Posted by Jill Boniske aka Arty Chick on October 4, 2015
When people hear the name Tesla these days, most probably think of the car from Elon Musk. But Musk named that car after one of the great unsung inventors of the last century, Nikola Tesla. Tesla invented so many things we take for granted these days — alternating current, radio (before Marconi), even neon — but he died penniless and forgotten. This documentary attempts to bring his name and genius to a wider audience. I’ve known about him for years, as no doubt have most science geeks. And anyone who saw The Prestige might remember David Bowie’s turn as Tesla in that film. Mostly this earnest documentary concentrates on his attempts to build a tower in Long Island that he believed could transmit electrical power through the air around the world. Free power to the people!
Sounded like a great idea, but his key benefactor J. P. Morgan who fronted him $150,000 soon realized how free electricity might cut into the profits he was making from General Electric and his coal companies, and cut him off midway through the project. And though Tesla tried to raise funds after Morgan pulled out, he was never able to prove his invention worked. And on top of it, just when he lost his funding, his dear friend who might have helped, John Jacob Astor, went down on the Titanic. His experimental station called Wardenclyffe designed by Gilded Age architect Sanford White on Long Island was also taken and the incomplete tower destroyed. And when he died years later in poverty, all his designs were seized by the government never to be seen again.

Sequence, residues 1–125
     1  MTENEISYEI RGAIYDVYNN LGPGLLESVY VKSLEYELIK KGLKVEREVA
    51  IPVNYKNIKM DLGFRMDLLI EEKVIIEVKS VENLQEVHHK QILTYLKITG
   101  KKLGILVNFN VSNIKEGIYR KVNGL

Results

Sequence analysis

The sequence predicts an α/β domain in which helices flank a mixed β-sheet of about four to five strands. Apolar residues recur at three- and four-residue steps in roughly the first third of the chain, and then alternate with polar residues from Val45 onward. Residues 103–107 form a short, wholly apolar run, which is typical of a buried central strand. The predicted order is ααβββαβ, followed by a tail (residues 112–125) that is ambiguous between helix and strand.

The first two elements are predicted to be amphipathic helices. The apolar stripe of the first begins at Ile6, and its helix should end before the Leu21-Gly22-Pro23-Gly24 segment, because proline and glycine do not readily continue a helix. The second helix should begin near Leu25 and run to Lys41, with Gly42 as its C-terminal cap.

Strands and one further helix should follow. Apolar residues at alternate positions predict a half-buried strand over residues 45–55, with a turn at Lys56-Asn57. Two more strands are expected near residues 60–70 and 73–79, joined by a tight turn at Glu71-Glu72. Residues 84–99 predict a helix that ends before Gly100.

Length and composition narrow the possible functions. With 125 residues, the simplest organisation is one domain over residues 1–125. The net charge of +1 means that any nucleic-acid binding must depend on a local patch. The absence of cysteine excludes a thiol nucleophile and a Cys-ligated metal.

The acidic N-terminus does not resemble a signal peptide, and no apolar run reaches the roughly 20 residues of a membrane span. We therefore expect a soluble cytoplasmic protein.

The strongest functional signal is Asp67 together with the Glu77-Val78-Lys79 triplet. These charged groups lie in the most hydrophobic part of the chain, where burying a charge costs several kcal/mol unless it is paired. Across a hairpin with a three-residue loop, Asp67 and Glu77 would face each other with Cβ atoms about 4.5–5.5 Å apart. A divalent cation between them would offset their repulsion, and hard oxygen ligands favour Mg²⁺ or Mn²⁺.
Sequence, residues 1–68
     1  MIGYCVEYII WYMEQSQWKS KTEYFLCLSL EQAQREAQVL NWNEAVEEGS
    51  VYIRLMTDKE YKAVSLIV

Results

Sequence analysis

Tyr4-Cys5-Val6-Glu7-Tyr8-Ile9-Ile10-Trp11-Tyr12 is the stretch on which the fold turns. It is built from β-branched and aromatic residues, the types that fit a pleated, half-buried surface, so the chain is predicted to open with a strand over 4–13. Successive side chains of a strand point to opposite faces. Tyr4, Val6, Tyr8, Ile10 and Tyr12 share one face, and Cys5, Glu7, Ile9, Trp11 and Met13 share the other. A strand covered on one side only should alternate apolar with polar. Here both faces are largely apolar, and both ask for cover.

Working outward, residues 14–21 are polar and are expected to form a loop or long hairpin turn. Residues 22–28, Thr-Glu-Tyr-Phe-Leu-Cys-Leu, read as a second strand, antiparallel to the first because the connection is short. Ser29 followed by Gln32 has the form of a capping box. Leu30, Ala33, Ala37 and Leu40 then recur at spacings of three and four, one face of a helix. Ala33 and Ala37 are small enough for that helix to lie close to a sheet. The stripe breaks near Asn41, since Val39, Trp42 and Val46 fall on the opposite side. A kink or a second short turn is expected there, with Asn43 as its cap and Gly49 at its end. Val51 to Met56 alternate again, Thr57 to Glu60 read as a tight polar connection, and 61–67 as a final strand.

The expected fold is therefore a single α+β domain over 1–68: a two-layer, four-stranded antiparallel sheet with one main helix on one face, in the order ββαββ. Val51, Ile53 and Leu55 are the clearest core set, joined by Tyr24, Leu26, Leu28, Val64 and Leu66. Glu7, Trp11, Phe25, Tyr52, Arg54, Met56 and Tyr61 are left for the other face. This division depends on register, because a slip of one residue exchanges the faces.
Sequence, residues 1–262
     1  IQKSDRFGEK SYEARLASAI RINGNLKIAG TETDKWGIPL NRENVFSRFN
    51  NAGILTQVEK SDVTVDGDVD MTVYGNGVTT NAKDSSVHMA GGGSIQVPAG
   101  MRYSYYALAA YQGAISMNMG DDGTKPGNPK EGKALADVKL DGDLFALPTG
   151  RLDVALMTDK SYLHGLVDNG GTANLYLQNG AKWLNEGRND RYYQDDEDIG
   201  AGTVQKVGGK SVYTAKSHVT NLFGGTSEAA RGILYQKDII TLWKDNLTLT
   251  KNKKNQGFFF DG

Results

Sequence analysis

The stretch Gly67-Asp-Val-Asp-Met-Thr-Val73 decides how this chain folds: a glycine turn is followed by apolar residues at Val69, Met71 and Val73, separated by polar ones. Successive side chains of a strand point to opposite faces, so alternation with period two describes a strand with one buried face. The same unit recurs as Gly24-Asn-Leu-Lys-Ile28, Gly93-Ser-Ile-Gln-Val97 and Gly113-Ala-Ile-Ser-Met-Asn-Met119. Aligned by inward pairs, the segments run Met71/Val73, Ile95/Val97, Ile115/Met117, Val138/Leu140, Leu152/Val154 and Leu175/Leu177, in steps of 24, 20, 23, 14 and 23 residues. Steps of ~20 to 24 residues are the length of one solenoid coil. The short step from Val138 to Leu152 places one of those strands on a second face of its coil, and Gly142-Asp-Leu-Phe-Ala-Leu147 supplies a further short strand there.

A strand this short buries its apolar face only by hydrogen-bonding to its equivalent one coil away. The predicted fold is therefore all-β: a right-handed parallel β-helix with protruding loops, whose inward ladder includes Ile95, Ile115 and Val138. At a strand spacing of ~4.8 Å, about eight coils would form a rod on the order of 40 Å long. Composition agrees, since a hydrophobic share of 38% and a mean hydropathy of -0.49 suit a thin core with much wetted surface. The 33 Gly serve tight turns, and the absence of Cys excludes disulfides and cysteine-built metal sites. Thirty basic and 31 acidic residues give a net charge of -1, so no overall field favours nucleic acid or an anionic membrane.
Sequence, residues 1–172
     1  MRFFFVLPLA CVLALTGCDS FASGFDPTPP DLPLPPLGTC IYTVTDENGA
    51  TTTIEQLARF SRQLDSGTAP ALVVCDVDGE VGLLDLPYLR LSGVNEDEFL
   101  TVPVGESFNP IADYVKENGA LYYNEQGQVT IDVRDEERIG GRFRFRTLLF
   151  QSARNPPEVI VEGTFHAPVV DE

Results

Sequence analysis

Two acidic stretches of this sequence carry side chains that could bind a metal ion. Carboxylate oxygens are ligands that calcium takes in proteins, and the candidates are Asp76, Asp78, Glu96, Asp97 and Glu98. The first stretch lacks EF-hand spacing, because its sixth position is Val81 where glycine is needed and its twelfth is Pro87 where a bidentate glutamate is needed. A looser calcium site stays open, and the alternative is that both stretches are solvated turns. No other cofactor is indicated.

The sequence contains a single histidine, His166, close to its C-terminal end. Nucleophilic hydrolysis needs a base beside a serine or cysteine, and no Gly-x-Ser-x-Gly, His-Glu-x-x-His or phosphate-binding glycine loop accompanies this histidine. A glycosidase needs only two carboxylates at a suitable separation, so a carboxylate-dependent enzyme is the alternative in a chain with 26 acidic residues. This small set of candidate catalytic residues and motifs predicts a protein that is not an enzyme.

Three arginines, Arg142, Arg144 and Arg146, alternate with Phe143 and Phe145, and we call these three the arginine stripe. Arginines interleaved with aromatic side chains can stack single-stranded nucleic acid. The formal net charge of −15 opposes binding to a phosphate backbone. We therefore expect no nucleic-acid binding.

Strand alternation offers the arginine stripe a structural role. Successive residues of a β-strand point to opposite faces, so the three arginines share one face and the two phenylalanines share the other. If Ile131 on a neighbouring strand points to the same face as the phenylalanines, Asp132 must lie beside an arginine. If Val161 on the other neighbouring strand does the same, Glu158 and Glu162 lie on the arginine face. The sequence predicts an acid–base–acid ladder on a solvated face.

The second half of the film is about the local community rallying in the late 20th and early 21st centuries to save the site and buildings from developers and create a Tesla museum. This part is way too long and self-indulgent. The filmmaker and the community organizers and their ultimately successful Indigogo campaign go on and on in what really could have been told in a fraction of the time. I suspect that the filmmaker was putting people in the doc to say thanks for funding, but most of it doesn’t add to the story at all. For me the film raised a lot of unanswered questions. Like where did his research go and who has taken up where he left off? And was it all really a big conspiracy to keep the world from having free energy? This isn’t a film you need to see in a theater. Watch it when it comes to cable or your favorite streaming service, and feel free to switch it off once it gets to the second half. Then you’ll probably want to go to the library and read a book about Tesla. Fascinating man.
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